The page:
Suicide bombers identified - Al Qaeda link is confirmed
July 14, 2005
Authorities identify all 4 suicide bombers in London attacks: police chief 07:41 PM EDT Jul 14
This image released by London's Metropolitan police on Thursday shows Hasib Hussain, who police identified as the suspected suicide bomber who blew up a double-decker bus in London on July 7. (AP Photo/Metropolitan Police)
LONDON (AP) - Police believe they have identified all four suicide bombers who carried out the deadly attacks on London subway trains and a bus last week, the city's police chief said Thursday.
Metropolitan Police Commissioner Ian Blair told the Foreign Press Association that police believe "that we know who the four people carrying the bombs were . . . and we believe they are all dead."
"We are as certain as we can be that four people were killed and they were the four people carrying bombs," Blair said.
His comments were the first public confirmation from police that the July 7 attackers were suicide bombers. Bombs exploded on three subway trains and a double-decker bus, killing at least 53 people.
News reports have quoted police sources as saying three of the bombers were Britons of Pakistani descent, and a fourth was a British resident born in Jamaica. Blair declined to comment on that report, nor would he say how many suspects were being sought.
"We don't know if there is a fifth man, or a sixth man, a seventh man," he said, but added that police were trying to determine who organized the attack.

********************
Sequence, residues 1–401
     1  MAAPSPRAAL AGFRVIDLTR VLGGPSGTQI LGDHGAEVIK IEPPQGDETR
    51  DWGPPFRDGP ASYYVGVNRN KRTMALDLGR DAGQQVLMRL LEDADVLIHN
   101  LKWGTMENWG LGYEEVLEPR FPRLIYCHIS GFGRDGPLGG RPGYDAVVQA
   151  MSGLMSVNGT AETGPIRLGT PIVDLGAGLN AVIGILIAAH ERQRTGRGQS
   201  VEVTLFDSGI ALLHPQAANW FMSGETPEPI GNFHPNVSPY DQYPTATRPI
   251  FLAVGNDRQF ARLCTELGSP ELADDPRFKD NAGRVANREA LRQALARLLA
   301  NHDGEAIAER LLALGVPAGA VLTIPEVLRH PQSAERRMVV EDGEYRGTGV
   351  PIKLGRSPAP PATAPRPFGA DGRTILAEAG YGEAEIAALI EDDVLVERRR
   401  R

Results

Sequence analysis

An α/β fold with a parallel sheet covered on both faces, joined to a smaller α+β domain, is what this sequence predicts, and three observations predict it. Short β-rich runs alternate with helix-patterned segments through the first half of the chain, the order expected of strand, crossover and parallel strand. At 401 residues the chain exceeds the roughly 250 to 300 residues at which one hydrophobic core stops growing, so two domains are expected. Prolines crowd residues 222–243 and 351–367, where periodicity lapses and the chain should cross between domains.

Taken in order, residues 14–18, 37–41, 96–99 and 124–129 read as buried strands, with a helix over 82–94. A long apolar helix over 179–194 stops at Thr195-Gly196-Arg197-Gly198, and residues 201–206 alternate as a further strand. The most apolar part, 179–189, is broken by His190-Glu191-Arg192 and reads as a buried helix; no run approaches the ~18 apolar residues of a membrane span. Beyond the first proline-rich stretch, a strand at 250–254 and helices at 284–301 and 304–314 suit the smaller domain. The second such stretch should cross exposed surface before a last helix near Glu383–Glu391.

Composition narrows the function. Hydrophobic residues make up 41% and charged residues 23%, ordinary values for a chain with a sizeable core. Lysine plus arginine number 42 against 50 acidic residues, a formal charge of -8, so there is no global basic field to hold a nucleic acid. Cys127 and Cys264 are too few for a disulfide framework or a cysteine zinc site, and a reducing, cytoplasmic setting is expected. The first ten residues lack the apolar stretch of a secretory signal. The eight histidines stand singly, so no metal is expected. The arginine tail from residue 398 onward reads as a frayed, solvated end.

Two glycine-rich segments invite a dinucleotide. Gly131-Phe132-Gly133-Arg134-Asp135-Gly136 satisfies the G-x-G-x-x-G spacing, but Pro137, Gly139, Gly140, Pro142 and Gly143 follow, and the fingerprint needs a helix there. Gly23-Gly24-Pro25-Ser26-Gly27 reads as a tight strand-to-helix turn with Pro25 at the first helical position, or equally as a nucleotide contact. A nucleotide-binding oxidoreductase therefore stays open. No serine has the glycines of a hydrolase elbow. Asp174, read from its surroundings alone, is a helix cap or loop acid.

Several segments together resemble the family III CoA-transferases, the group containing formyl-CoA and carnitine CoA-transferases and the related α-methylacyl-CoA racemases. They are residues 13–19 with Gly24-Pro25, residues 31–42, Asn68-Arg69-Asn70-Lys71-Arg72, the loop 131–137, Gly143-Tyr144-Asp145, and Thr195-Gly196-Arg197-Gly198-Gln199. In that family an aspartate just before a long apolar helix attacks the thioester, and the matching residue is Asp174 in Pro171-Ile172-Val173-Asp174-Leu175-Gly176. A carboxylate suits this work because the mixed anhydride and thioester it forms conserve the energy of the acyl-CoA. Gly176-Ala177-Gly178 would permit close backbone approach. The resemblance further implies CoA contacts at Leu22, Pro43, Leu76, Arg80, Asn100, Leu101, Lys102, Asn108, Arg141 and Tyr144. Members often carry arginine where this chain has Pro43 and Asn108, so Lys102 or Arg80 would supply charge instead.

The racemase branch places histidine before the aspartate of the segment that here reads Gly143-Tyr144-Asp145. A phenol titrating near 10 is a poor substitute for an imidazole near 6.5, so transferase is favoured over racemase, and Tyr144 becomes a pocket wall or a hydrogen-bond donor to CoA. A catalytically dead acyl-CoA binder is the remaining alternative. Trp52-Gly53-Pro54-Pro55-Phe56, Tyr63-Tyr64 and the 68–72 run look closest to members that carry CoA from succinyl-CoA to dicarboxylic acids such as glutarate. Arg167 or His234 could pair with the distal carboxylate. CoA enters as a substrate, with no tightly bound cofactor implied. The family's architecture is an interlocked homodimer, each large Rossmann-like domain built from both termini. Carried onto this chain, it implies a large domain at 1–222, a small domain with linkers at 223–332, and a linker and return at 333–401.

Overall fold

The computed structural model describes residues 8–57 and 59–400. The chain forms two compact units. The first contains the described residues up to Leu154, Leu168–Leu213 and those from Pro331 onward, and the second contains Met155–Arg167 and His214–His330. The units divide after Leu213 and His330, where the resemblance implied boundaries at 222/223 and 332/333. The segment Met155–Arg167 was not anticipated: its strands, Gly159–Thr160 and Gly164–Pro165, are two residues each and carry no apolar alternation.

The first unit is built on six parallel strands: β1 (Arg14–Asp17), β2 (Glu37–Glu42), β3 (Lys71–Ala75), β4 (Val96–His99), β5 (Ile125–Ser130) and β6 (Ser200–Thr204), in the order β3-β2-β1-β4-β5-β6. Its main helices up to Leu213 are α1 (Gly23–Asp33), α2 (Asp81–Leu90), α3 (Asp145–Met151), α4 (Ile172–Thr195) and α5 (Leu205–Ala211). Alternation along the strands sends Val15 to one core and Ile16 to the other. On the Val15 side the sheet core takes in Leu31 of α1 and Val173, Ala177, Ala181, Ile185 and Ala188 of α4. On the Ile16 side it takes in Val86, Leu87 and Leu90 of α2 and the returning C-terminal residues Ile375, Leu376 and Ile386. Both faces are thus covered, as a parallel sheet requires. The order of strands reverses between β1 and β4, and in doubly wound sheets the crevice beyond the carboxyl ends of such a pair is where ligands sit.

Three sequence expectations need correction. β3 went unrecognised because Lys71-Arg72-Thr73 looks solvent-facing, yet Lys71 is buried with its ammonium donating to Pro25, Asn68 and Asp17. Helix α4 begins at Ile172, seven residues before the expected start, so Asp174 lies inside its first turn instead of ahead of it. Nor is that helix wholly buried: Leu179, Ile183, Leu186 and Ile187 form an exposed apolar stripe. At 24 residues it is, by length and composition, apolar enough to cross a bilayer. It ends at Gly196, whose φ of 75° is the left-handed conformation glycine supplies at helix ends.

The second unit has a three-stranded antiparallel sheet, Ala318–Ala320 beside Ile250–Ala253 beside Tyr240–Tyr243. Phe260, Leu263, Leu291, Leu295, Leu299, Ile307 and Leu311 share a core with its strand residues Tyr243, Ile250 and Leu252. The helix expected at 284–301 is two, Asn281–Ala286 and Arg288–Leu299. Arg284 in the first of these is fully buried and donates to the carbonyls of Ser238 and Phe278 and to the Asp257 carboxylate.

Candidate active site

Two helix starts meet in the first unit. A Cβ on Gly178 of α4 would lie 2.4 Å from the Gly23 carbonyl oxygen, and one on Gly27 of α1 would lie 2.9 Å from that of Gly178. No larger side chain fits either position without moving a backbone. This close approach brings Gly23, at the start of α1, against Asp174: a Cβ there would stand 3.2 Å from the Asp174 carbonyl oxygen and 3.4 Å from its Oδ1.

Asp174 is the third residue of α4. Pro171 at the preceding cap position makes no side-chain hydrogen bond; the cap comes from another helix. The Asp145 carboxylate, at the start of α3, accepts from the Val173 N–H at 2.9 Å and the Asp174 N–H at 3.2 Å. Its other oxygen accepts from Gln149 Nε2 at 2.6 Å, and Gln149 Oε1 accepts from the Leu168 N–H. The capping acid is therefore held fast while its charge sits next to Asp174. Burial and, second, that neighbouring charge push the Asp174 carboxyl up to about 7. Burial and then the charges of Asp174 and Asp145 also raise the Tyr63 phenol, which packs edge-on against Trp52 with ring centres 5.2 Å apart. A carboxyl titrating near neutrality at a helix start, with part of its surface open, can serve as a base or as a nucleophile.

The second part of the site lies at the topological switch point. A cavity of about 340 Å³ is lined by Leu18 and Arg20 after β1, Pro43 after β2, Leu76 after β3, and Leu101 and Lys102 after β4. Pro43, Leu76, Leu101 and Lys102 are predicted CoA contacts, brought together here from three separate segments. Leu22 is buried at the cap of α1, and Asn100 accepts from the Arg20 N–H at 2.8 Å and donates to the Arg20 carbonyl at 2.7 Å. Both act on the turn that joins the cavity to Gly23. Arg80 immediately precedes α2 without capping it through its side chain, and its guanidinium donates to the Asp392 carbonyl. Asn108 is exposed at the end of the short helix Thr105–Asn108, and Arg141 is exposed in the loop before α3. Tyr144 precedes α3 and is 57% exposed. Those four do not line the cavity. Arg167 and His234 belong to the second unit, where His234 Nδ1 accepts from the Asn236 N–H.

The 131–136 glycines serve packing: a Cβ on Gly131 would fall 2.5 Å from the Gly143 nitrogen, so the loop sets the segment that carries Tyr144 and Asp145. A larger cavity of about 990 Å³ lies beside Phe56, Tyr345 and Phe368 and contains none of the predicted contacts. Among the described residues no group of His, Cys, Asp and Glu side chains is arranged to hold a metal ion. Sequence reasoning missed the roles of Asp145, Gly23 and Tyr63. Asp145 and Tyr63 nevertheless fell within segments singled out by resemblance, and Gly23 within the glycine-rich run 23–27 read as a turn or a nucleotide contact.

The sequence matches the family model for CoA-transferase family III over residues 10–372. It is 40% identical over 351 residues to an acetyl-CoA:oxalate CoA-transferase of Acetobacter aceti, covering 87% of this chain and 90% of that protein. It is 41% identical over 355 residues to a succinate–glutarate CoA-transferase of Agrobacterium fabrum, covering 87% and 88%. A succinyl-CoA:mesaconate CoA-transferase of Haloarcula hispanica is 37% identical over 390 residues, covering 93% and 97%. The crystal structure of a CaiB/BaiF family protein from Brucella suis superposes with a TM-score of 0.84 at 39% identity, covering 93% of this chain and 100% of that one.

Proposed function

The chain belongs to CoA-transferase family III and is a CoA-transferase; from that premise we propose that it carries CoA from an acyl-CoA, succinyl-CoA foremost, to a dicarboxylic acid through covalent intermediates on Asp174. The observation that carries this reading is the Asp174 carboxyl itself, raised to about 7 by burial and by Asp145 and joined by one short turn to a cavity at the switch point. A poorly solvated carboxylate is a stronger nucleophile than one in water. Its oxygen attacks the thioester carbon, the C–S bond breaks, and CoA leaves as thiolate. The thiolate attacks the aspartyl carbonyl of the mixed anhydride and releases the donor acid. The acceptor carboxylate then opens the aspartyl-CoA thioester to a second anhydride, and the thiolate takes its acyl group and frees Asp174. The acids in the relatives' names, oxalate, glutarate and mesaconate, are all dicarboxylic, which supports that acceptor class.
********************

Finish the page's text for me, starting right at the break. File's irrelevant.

The Times of London, quoting unidentified police sources, said detectives were interested in locating Magdy el-Nashar, 33, an Egyptian-born academic who recently taught chemistry at Leeds University. The Times said he was believed to have rented one of the homes being searched in Leeds.
A spokesman at North Carolina State University said el-Nashar studied chemical engineering there, beginning in January 2000.
Saad Khan, the chemical engineering department's director of graduate programs, said he remembered that el-Nashar applied for admission while living in Egypt. But by the end of the spring semester, el-Nashar had changed direction and decided to pursue a doctorate at Leeds instead, Khan said.
In a statement Thursday, Leeds University said el-Nashar enrolled in October 2000 to do biochemical research, sponsored by the National Research Center in Cairo, Egypt. It said he earned a doctorate May 6.
"We understand he was seeking a post-doctorate position in the U.K.," the university said. "His visa was updated by the Home Office earlier this year. He has not been seen on the campus since the beginning of July."